MASU FAHNBULLEH ~ (February 25 2006)
"...The Liberian Senate needs to act quickly to avoid a potential crisis from erupting with unprecedented and unassuming consequences, even long after the Nigerian General has relinquished his Command and returned to Lagos. This attempt by the Commander-in-Chief to marginalize the rank and file of those who served in honesty our country must be stopped-all Liberians now must be moving forward with Reconciliation and Reconstruction –not Recrimination. Personalization and tribal patronage of the Armed Forces by past administrations gravely contributed to not just the demise, but largely to the resorption of an ‘Institution’ within our society and it must be discontinued....”
Political Landscape- The overriding legitimacy of building any military force depends upon its being executed in conformity with international laws. Moreover, to ensure international consensus and domestic political directives, which is critically important in a democracy, it is essential to build up forces within internationally accepted legal and political parameters. Though a military professional must be given the responsibility of structuring an armed forces, yet he must be fully aware that he has to respect laws and established guidelines of a democracy. Another aspect which needs to be understood during structuring/restructuring a military force of a fragile nation is the individual nation’s constitutional obligations/restrictions and political and military objectives.
Sustaining Internal Stability- Considering structuring or restructuring its armed forces, a democratic nation should focus particular attention to the wishes of its population and adequately balance appropriately with its socio-economic and other important factors. Subsequently, if the leadership of a country do not have the right policies, guidance, concept and right doctrine to match the wishes of its people while undertaking such a tremendous TASK-building an army from the ground up, domestic uncertainty too will begin to take center stage. These challenges do not only impact a country that has been at war for the past fourteen years, but also equally manifest itself as well in industrialized nations. There are many examples to highlight how domestic political imbalances have affected our sub-region today: Crossed-border conflicts along Liberia-Guinea boundaries, infighting in the Cote d’ voire and maintenance of an elusive peace in Sierra Leone. And primarily as a result of these looming problems, many countries, especially in Africa have unproportionately built up their armed forces and yet, continues to faced internally varying degree of problems such as: human right abuses, insurgencies, drug trafficking, tribal patronage and terrorism.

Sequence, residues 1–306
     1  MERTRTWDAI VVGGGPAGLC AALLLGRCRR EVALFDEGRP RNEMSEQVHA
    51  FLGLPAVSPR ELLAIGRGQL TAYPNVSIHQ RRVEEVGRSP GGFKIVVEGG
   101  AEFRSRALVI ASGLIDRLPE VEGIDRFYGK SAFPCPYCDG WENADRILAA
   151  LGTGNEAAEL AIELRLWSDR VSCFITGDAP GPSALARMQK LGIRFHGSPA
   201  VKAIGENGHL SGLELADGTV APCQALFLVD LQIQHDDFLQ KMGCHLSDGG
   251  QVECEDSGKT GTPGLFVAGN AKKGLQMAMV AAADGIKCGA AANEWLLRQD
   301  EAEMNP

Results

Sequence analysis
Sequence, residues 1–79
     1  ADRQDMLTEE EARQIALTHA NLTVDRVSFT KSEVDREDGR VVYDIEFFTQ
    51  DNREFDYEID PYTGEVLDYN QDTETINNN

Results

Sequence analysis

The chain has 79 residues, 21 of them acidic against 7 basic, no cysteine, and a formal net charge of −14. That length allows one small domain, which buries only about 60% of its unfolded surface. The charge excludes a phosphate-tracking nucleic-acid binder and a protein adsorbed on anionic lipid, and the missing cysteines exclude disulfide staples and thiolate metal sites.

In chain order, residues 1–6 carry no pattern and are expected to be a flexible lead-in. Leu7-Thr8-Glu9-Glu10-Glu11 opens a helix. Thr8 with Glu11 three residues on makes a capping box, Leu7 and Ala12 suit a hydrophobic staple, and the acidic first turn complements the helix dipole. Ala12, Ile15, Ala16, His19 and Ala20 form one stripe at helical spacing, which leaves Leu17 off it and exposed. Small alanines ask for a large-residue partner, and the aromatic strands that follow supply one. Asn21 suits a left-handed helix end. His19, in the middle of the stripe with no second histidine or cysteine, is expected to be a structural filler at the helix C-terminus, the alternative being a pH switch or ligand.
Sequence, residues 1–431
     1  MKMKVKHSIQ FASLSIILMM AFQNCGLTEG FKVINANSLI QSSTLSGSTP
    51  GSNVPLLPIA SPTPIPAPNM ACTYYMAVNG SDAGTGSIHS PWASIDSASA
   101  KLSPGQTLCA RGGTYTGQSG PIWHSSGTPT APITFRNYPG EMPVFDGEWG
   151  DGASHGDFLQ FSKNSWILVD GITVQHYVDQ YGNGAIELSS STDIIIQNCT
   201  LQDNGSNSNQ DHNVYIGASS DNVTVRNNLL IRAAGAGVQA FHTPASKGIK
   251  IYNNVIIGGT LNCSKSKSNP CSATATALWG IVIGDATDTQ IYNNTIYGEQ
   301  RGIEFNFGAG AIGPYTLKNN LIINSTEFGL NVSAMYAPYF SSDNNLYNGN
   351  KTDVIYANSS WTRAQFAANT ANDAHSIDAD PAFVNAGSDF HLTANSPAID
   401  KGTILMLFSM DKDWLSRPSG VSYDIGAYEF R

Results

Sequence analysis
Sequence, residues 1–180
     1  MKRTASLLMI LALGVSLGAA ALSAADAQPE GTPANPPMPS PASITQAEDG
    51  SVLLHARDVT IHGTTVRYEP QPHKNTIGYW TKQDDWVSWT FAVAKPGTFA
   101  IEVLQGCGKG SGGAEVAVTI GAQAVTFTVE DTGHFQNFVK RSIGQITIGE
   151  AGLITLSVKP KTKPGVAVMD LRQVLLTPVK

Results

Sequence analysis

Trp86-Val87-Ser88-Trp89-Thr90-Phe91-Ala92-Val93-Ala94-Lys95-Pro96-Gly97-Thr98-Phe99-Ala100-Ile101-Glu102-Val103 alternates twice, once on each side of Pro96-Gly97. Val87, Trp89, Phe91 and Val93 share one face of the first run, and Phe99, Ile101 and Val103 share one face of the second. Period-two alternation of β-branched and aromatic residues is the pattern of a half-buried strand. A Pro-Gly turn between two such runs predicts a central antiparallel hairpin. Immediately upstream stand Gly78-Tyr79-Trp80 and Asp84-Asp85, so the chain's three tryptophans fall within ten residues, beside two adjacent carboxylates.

An Embattled AFL- Lack of appreciation for the unfolding political and civil disturbances of the 80’s coupled with the ghastly murdered of over 200,000 of our citizens by warring factions in the 90’s was in part due to mistreatment of members of the Armed Forces of Liberia. Certainly, many members of the AFL joined, allied and supported different factions: some along tribal lines, survival and other personal reasons. However, the appointment of a Nigerian General (Luka Nyah Yusuf) on February 11th, Armed Forces Day, as Commanding Officer-in-Charge of Restructuring the AFL by the Commander-in-Chief, is outright unconstitutional. Equally too, this appointment can be seen as a diversion to warrant untenable political precepts, and fear of former enemies by the Commander-in-Chief. One would caution that such a ‘Radical’ move by the Commander-in-Chief (CIC) could ignite and undermine the seemingly fragile peace that is enjoyed today.
More than anything, the Commander-in Chief’s appointment of a ‘General Officer’ to the Armed Forces of Liberia (AFL) must certified the provisions of The Liberian Constitution, as inscribed in Chapters IV-Citizenship (27) (a, b & c) and VI -Executive (54)(e) respectively. However, the appointment of a foreign general to the rank and file of the AFL, as a uniform member is Not one of those Constitutional Powers. Additionally, any foreign military personnel can served at the pleasure of the CIC, but only as an Adviser to the Ministry of National Defense. Yet, there are some very important questions that the Liberian Lawmakers need to be asking the President:
- Is General Yusuf a Uniform and Commissioned Officer of the Liberian Armed Forces?
- What Military Command does General Yusuf falls under?
- Is General Yusuf punishable under The Uniform Code of Military Justice (UCMJ) of the AFL?
(4) Was General Yusuf the Sector 1 (Monrovia) Commander, when a Nigerian Peacekeeper raped two little girls (under the ages of 10) in the vicinity of Monrovia City Hall in 2005? And not forgetting, this Nigerian Peacekeeper was redeployed to Lagos without facing any criminal charges under Liberian Laws (Civilian/Military). Why did I bring these points up? Because military personnel on assignments must fall under a particular command structure, not just for mission success, but also for discipline within the ranks.